As alluded to above, and in addition to the user agreement, network access requires a SAAR. The Navy uses OPNAV Form 5239/14 SAAR-N whereas the rest of the DoD uses DD Form 2875 SAAR. (For the remainder of this article, the abbreviation SAAR will be used to represent both the DoD SAAR and the Navy’s SAAR-N.) Many commands require a separate SAAR for access to each network. In addition to network access, many web-based applications require another SAAR for user access. In the aggregate, an average service member spends a significant amount of time completing individual SAARs for each network at each command throughout their career. Further, service members will often go TDY to other commands and spend additional time completing more SAARs in order to access those networks. Coupled with the administrative time spent by those responsible for filing and managing this paperwork, the total administrative overhead associated with managing network access becomes staggering.
Contrast the network access methodology described above to how access to information is managed. Access to information is managed via the centralized, web-based site, JPAS. There is no equivalent SAAR form for accessing classified information. As such, there is no form that needs to be routed to a supervisor, information owner and Security Manager — and there is no form required for each of the classification levels: Confidential, Secret, Top Secret. Instead, the Security Manager reviews a service member’s eligibility within JPAS and assigns access according to the requirements of the job.
The basic tenets of access (eligibility and need to know) are the same for both processes. The information access process manages access to multiple levels of classification via a streamlined, centralized, web-based tool recognized throughout the DoD and available globally. The network access process is managed via individual forms routed to multiple entities for each level of access using locally maintained documentation that is not recognized between commands and is not available globally. Despite the similarities between the two processes, they’ve adopted drastically different management practices.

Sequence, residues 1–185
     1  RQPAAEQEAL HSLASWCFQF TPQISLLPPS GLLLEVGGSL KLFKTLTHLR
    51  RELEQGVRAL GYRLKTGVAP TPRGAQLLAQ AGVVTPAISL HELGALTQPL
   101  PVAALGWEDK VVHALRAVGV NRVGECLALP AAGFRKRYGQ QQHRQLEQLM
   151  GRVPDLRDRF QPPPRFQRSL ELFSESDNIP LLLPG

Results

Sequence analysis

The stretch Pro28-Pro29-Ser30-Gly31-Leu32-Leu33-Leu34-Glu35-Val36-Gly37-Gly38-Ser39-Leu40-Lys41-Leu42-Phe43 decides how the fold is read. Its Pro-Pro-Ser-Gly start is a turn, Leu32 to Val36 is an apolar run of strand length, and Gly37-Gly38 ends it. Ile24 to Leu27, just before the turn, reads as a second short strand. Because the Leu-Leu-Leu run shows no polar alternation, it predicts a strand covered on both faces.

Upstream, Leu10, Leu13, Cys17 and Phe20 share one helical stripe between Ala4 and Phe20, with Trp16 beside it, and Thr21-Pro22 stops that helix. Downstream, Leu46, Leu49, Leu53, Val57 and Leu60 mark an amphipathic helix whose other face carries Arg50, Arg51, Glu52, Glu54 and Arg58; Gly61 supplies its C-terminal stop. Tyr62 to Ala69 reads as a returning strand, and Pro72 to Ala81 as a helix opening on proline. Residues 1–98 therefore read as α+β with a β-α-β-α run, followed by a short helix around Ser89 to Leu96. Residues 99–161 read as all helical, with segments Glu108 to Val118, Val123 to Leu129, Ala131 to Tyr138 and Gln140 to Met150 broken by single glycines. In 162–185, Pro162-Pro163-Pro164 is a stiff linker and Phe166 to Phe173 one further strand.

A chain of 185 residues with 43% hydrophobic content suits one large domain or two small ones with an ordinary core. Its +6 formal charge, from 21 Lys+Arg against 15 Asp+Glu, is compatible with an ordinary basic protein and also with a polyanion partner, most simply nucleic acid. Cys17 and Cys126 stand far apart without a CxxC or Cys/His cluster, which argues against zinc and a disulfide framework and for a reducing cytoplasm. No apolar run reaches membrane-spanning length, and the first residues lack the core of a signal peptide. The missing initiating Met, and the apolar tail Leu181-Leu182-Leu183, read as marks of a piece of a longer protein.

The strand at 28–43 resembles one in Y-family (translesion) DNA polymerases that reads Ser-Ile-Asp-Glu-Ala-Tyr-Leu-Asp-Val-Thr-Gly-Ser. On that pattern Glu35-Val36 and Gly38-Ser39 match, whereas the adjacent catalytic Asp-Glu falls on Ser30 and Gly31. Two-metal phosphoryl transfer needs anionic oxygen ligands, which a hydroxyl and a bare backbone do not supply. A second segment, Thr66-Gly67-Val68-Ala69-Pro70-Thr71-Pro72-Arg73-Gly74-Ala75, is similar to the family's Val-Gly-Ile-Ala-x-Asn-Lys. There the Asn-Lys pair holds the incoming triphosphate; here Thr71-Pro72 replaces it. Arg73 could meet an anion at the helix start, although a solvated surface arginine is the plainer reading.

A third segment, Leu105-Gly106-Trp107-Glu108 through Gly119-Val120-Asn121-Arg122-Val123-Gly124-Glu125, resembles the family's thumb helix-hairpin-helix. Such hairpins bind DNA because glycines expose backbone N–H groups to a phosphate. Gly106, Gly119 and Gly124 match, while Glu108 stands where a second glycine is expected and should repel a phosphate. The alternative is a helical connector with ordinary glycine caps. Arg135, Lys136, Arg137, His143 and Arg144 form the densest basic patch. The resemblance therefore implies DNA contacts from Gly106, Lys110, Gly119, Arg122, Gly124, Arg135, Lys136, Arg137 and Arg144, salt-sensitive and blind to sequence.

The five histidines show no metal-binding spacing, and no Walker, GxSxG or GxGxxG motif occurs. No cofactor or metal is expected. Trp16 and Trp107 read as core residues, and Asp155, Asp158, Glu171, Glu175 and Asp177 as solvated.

My third recommendation is to modernize the network access process by using a centralized, web-based tool similar to JPAS to manage the information access process.
In conclusion, the network access and information access processes are similar in that they manage accesses vital to national security at a variety of classification levels. One does this via a modernized, centralized, web-based tool with standardized forms applicable across the entire DoD. The other remains anchored in an antiquated and time-consuming paper-shuffling methodology applicable only locally. The antiquated network access approach results in an unnecessary amount of time spent on administration, as well as lost operational network time, for the would-be network users waiting for network access.
To modernize the network access process, recommendations are summarized below:
- Create a standard user agreement applicable to all DoD networks.
- Document the original user agreement using a centralized, web-based tool.
- Manage network access using a centralized, web based tool.
The views expressed here are solely those of the author, and do not necessarily reflect those of the Department of the Navy, Department of Defense or the United States government.
Cmdr. Roger Koopman is an Information Professional Officer currently assigned as the U.S. Cyber Command Liaison Officer to U.S. Pacific Command.